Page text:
838 lb. however. all of the products are not sold. It is estimated that your company has the equivalent of one month's production in stock.Assessment Recommendation No.968/yr Estimated Implementation Cost = $9.4 years (5 months) Existing Practice and Observation During our assessment.593 MMBtu Estimated Energy Cost Savings = $5. Boxes containing products as old as 8 years were found. Often. about one-quarter of the finished goods in the warehouse are out-of-date.284 Total Estimated One-time Cost Savings = $19.027 Continued Savings: Capital Investment Savings = $2.640 Simple Payback Period = 0. Due to the long production line set-up times. or has become misplaced due to improper packaging which occurred when batch quantities were over-produced. damaged.743 Estimated Raw Material Savings = 1. damaged.854/yr Cost Benefit from Reclaimed Floor Space = $21. or has been damaged. Estimated Raw Material Cost Savings = $13.114/yr Total Estimated Continued Cost Savings = $23. or otherwise “spoiled. Since there has been no established procedure for purging the inventory of out-of-date products.” Much of this stock appears to have been grouped together when the newer inventory system was 120 . 22 Eliminate Old Stock and Modify Inventory Control Assessment Recommendation Summary One-time Savings: Estimated Energy Usage Savings = 1. it was noticed that a large amount of the existing inventory is very old.459. According to our observations and conversations with facility personnel. glassware is often produced in lots much larger than the existing order with the hope that the customer will order another shipment of the same product in the future. these items have accumulated over the years and now occupy a significant amount of warehousing space. Interviews with plant management revealed that a significant percentage of the existing inventory is not sellable because it is either out-of-date.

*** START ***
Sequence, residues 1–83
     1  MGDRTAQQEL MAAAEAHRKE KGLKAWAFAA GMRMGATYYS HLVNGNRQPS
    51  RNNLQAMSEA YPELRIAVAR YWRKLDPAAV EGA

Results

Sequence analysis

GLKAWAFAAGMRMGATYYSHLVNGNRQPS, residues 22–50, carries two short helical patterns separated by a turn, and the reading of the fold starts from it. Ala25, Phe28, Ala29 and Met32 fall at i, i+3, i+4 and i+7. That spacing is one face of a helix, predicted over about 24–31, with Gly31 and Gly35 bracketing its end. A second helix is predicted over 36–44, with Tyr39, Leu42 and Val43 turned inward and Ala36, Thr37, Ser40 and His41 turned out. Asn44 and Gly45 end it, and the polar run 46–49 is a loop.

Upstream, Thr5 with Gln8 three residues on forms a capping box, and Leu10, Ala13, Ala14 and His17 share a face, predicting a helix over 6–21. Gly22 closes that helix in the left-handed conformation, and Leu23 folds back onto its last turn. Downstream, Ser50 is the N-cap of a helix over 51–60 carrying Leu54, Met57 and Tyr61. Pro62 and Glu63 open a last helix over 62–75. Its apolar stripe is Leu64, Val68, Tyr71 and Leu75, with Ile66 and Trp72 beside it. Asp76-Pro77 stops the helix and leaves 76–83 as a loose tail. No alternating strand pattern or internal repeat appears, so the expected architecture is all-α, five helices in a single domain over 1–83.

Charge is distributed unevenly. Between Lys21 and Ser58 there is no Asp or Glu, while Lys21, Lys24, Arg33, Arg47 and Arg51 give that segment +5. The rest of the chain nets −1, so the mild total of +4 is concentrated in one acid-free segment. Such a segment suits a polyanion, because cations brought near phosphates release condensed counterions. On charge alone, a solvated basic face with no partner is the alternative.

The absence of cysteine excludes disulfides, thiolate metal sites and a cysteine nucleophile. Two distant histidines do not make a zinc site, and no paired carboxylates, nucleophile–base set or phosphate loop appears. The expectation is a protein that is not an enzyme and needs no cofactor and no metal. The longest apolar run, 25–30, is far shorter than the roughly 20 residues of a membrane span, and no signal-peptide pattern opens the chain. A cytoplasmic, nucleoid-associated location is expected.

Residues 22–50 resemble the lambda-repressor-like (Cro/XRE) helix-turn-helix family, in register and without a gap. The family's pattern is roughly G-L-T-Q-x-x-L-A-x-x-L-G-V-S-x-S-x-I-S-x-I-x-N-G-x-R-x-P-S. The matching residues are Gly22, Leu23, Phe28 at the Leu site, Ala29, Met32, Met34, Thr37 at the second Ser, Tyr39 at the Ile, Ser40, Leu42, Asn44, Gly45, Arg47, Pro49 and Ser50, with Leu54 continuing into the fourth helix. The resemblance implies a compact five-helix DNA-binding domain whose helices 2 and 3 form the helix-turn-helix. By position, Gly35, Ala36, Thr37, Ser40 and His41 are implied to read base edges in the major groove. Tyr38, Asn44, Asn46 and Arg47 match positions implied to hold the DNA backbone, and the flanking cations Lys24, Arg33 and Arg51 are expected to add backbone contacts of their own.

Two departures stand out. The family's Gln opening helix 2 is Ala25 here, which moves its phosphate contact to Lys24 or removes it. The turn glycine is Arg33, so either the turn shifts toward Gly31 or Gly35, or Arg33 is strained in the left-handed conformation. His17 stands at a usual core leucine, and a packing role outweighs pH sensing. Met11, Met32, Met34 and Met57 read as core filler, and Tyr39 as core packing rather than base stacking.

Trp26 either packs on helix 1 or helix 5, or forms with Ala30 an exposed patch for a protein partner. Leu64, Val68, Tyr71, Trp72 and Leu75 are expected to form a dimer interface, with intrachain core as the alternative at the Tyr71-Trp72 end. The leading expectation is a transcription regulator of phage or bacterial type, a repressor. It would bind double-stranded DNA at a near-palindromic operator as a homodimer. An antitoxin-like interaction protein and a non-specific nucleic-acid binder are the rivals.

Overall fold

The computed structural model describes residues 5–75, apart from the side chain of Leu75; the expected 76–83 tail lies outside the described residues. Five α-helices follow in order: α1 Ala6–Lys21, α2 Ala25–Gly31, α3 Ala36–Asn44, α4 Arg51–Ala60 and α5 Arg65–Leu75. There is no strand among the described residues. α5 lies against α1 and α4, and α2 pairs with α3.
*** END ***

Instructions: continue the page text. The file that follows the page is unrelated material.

= out dated stock = good stock AR#22. Figure #1: Outdated Inventory in Newer Warehouse 121 .
702. The previous actions will result in approximately 9.000 ft2 of cleared floor space which should be either: 1) leased to an outside organization to provide a new source of revenue. and instituting new accounting methods for the inventory in the newer warehouse. Currently.)/12 = 5. 18 17 18 National Cleaner Production Database Office of Technology Assessment. Using cullet to produce glass allows the avoided use of new raw materials. energy savings will also result--about 1. it should be used as cullet (clear glass) or sold as scrap (colored glass). resulting in a cost savings on raw material purchases--it requires 10% more virgin raw materials (by weight) to produce a pound of glass as compared to re-melting cullet. A procedure should be established to identify inventoried products which have become out-dated and have no chance of being sold./ton)]/12 = (63. 1989. Only inventory to be shipped is pulled from rows.implemented. because it requires less heat to melt cullet than it does to make glass from virgin raw materials. but some is also in the newer warehouse (shown in AR#22. leaving out-of-date inventory in entire rows or especially at the back end of rows. inventory is tagged with customer and date and inventoried in "rows" in the warehouse.500 lb. Facing America's Trash: What Next for Municipal Solid Waste 122 .000 lb. Figure 1). Anticipated Savings The existing inventory is estimated as the equivalent of one month’s production: Existing Inventory = (Annual Production) / (12) = [(31. Once the glassware becomes out-dated. Recommended Action Reduce inventory by immediately re-stocking or disposing of old. We estimate that one-quarter of the existing inventory is out-of-date and could be used as cullet. or otherwise “spoiled” inventory.200 BTU per pound of glass produced is conserved by using cullet instead of raw materials. 17 In addition. or 2) used to offset a portion of the construction costs for planned expansions. damaged.308.851 tons) x (2000 lb.